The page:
Arrow-right Camera
Spokane Indians
Sports >  Spokane Indians

Dust Devils beat Indians again

After he strayed too far from the bag, Tri-City's Joseph Scott is picked off by Spokane Indian's first baseman Clark Murphy in the fourth inning of Saturday's game.  (Colin Mulvany / The Spokesman-Review)
After he strayed too far from the bag, Tri-City's Joseph Scott is picked off by Spokane Indian's first baseman Clark Murphy in the fourth inning of Saturday's game. (Colin Mulvany / The Spokesman-Review)

Joseph Scott’s first hit as a professional player was a home run last year in Missoula.

His second pro homer came Saturday night at Avista Stadium and started the Tri-City Dust Devils toward a 9-5 win over the Spokane Indians.

Scott had a succinct message for his teammates when he returned to the dugout after the third-inning solo shot.

“I came in and said, ‘Don’t get used to that, fellas,’” said the 23-year-old second baseman.

That gives Scott two homers in 159 at-bats as a pro, and a career batting average around .210, but the Indians (0-2) have seen enough of his bat during the first two games of the Northwest League season.

Scott is 4 for 6 in the series, with two walks, and would be 5 for 6 if Indians shortstop Jurickson Profar hadn’t robbed him of a hit in the eighth. Scott’s grounder glanced off third baseman Daniel Lima’s glove to Profar, who made a strong throw from deep in the hole.

“The third baseman tipped it and gave (Profar) a little bit of extra help, or I would have been safe,” Scott joked.

Scott played four seasons at Cal State Fullerton and was drafted in the 42nd round last year by the Colorado Rockies. He started pro ball with the rookie league Casper (Wyo.) Ghosts, but ended the season playing for the Dust Devils in the NWL championship series against Salem-Keizer.

Scott started this season one level higher, at Asheville (N.C.), but his playing time withered when other infielders came off the disabled list.

He and his teammates are feasting off the Indians, with 29 hits in two games. Carlos Martinez, who homered during Friday’s 6-1 win, went 5 for 5 on Saturday. Leadoff hitter Nathan Hines is 5 for 9 in the series and No. 3 hitter Leonardo Reyes has four RBIs.

The Dust Devils are also using well-seasoned starting pitchers. On Friday, fourth-year pro Parker Frazier limited Spokane to one hit in five innings. On Saturday, 25-year-old Josh Sullivan allowed a leadoff single to Ryan Strausborger and retired the final 12 batters he faced.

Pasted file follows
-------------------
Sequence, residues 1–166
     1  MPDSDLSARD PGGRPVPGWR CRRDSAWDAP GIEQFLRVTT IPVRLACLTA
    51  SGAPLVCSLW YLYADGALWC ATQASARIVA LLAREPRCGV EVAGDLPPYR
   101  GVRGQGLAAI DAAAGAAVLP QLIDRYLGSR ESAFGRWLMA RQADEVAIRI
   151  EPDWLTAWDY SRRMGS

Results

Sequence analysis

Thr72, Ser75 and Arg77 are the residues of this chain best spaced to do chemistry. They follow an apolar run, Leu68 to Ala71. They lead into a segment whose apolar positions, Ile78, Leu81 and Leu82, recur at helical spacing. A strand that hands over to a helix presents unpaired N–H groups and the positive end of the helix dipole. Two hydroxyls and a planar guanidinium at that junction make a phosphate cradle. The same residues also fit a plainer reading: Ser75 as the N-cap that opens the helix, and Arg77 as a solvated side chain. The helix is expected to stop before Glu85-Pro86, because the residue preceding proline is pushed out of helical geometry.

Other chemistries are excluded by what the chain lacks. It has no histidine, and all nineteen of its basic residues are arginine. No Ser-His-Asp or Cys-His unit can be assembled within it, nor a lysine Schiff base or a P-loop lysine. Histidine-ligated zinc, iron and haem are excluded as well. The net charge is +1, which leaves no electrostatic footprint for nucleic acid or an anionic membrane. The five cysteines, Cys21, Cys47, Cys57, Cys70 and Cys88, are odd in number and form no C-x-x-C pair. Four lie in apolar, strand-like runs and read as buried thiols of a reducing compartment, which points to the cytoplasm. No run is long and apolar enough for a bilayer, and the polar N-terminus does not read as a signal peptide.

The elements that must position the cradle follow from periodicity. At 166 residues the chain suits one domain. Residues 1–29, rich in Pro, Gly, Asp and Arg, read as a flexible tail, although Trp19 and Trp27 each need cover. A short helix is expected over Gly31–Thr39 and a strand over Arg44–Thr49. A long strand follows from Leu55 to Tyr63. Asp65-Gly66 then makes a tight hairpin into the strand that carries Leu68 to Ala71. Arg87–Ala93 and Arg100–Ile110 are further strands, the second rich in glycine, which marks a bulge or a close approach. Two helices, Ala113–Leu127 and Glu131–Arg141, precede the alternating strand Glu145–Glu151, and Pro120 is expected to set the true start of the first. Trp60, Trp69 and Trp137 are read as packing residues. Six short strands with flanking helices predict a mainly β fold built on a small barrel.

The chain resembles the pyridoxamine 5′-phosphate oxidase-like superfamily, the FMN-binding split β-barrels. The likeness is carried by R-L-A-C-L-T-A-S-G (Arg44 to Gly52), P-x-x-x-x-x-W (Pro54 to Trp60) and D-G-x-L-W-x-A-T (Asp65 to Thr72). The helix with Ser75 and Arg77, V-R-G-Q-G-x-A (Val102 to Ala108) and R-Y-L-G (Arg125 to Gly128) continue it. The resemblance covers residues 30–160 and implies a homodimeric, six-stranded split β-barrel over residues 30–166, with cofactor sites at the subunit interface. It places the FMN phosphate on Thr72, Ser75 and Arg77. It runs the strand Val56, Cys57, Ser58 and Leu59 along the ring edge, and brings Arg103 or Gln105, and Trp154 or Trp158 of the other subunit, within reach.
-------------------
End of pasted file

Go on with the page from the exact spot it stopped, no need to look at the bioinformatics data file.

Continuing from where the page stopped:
Indians starter Nick McBride, 19, making his pro debut, worked four efficient innings. He allowed three earned runs, but he could have wiggled out of the third – with just Scott’s homer as a blemish – by cleanly fielding Martinez’s two-out grounder toward the mound. McBride deflected the ball, allowing for no play at first base, and Reyes followed with a two-run double.

Spokane showed some life after T-C took a 7-0 lead. Profar hit his first pro homer, a two-run shot to right in the sixth, and Jason Kudlock hit his first homer as a pro in the seventh.

Indians manager Tim Hulett argued during T-C’s two-run ninth after Jared Simon was initially called out at home while attempting to score from third on Dustin Garneau’s fly to center. The out call was overruled because Indians catcher Kevin Torres bobbled the throw home from Strausborger.


The Indians are expecting left-hander Chad Bell, a 14th-round selection in last year’s draft, to join the team today. Bell signed last August out of Walters State (Tenn.) Community College and will make his professional debut with the Indians.

Top stories in Spokane Indians

Baseball players in minors to lose minimum wage protection

UPDATED: 11:53 a.m.

Minor league baseball players who make as little as $5,500 a season stripped of the protection of federal minimum wage laws under a provision in government spending legislation. The provision appears to pre-empt a lawsuit filed four years ago by three players alleging Major League Baseball and its teams violate the Fair Labor Standards Act and state minimum wage and overtime requirements for a work week they estimated at 50-to-60 hours.